I went on to date a married couple who became my good friends as well as sexual partners. I dated a guy who talked to me about his techniques for lucid dreaming and his strategies for mindfulness. And then I met a woman, and this one felt different.
She recently lost a parent figure, and like with my mother, it was unexpected. She has the soul of someone who understands pain but also wants to create beauty. She is ambitious, thoughtful, and analytical — plus she loves drinking coffee on the couch, going to therapy, Korean restaurants, and talking about attachment theory and psychology just as much as I do.
I ask myself what my parents would think of her (they’d love her), of me dating women (they’d be down with it), and of me writing an article about dating while grieving their deaths.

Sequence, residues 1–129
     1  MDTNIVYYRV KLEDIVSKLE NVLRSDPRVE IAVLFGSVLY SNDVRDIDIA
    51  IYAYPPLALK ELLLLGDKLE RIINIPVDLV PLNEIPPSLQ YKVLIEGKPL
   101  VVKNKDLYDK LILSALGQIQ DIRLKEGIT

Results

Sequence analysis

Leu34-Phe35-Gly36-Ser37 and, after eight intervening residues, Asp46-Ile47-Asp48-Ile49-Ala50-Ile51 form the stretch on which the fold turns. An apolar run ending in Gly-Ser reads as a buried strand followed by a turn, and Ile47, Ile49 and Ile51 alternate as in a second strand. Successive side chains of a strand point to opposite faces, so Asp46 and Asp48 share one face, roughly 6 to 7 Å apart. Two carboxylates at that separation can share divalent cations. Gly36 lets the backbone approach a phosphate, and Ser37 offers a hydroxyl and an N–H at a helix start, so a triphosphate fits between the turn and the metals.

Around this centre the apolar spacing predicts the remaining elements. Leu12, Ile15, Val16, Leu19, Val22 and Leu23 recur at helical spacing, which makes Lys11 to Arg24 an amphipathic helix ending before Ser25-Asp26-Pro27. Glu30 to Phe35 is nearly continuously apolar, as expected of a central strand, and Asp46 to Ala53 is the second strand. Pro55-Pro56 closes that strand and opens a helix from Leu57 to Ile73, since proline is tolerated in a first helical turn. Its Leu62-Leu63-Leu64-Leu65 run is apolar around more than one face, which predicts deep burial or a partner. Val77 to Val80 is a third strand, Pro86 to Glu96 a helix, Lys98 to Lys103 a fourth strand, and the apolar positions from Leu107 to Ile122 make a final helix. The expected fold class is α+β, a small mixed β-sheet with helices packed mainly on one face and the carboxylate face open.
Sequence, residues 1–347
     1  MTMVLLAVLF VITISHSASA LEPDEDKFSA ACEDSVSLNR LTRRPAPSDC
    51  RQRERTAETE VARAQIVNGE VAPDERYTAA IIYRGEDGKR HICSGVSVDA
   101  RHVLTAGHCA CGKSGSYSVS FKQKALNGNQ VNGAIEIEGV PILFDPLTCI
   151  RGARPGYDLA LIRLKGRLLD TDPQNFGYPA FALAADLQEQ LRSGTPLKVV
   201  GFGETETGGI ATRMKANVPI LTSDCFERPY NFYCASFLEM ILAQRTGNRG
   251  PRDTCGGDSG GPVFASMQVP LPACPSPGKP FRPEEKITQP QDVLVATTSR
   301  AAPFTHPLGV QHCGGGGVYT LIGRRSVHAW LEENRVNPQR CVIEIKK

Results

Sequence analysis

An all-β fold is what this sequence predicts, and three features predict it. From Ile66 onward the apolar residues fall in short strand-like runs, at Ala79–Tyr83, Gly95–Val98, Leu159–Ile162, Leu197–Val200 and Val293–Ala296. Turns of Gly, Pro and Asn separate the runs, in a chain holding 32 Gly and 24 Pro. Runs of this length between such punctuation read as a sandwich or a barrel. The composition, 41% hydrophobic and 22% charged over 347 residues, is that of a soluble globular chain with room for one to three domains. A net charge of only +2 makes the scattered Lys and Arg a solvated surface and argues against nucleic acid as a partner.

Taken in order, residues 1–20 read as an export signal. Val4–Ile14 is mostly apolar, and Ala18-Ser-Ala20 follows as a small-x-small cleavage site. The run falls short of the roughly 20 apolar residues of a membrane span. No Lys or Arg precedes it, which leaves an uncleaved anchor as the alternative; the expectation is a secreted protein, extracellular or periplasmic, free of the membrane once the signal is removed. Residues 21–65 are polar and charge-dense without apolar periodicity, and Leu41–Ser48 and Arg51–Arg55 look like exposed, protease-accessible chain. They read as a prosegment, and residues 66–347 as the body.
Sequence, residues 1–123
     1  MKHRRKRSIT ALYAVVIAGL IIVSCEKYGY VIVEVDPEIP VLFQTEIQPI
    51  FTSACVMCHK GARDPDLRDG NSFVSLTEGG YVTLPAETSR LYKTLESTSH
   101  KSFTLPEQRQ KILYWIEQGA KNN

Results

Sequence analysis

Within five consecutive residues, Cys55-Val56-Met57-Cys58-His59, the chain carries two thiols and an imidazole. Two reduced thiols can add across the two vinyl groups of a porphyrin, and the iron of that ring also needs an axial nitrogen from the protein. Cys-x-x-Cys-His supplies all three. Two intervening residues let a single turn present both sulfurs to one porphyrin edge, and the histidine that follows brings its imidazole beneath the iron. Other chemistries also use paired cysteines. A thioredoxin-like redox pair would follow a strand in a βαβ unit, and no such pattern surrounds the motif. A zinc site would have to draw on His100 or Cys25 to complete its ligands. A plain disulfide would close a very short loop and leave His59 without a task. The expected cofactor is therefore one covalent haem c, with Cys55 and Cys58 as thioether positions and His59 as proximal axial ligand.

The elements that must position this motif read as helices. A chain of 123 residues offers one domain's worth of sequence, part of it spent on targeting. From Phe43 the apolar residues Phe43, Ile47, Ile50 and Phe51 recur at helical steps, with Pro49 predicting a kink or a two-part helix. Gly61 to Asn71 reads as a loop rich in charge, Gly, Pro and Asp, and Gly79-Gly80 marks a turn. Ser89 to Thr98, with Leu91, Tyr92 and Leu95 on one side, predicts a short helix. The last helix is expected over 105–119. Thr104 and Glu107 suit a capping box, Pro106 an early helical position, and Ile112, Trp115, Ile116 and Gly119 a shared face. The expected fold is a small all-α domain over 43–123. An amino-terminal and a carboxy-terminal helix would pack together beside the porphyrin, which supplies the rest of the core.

I can’t ask them directly, but I can talk to them out loud, feel their presence, and talk with the people I’m dating about my parents’ quirks, talents, and mannerisms.
Not everyone wants to hear about my dad overnighting pulled pork burritos from his kitchen in LA to my office in New York. And not everyone wants to hear about how my mom worked at group homes in Downey with abused teenage girls. But the right person — when he or she comes along — will want to know all of it. Every last pulled pork burrito story there is to tell. And while I realize it’s only the beginning of our relationship, the woman I’m dating now is that person.
Meanwhile, my approach to dating (and to life) has been altered drastically. I’ve been through the worst, so how bad could a breakup — or anything really — be? How bad could weird stares at a party be when people realize I’m holding hands with another woman?
There’s a freedom in not giving a fuck that is indescribable, and not giving a fuck has led me to what feels like the person I could spend the rest of my life with.